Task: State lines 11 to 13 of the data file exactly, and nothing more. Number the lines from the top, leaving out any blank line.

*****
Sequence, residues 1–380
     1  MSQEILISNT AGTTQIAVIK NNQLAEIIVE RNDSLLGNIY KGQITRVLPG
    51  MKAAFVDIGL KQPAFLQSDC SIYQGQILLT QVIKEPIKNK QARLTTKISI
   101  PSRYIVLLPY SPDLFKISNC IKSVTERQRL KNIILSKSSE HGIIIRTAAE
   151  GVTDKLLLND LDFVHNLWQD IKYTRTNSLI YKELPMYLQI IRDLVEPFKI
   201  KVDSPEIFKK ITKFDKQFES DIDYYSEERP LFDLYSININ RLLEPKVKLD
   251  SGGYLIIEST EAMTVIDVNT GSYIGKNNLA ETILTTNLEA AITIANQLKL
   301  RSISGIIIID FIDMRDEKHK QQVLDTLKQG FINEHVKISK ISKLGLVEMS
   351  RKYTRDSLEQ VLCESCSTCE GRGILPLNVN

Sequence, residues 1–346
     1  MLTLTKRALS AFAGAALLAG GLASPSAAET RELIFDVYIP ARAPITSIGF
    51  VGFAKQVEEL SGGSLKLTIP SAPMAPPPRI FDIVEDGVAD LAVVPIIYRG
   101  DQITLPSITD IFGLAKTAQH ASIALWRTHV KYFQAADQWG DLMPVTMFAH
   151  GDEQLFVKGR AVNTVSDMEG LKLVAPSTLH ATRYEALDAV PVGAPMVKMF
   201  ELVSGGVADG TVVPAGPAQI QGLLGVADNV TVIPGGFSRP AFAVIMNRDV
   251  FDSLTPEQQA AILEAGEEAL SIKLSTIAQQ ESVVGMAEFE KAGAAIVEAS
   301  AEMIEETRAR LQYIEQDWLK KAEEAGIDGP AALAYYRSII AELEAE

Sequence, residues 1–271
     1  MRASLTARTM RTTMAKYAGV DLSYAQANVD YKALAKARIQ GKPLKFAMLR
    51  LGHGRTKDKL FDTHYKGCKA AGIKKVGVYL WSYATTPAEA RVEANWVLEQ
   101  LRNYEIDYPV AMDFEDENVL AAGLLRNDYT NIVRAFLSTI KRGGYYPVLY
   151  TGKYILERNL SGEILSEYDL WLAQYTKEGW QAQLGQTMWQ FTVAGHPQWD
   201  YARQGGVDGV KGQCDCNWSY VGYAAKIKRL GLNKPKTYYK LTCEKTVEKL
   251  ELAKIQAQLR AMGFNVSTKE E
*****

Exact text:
     1  MLTLTKRALS AFAGAALLAG GLASPSAAET RELIFDVYIP ARAPITSIGF
    51  VGFAKQVEEL SGGSLKLTIP SAPMAPPPRI FDIVEDGVAD LAVVPIIYRG
   101  DQITLPSITD IFGLAKTAQH ASIALWRTHV KYFQAADQWG DLMPVTMFAH